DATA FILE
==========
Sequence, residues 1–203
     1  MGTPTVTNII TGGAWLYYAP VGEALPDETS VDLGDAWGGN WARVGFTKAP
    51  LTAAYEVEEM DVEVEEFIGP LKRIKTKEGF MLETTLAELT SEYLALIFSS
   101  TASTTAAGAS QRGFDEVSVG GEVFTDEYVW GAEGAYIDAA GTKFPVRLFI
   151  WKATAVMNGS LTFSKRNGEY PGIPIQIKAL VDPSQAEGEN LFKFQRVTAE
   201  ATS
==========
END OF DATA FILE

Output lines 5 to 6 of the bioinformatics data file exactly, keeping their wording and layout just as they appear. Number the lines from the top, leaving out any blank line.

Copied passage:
   151  WKATAVMNGS LTFSKRNGEY PGIPIQIKAL VDPSQAEGEN LFKFQRVTAE
   201  ATS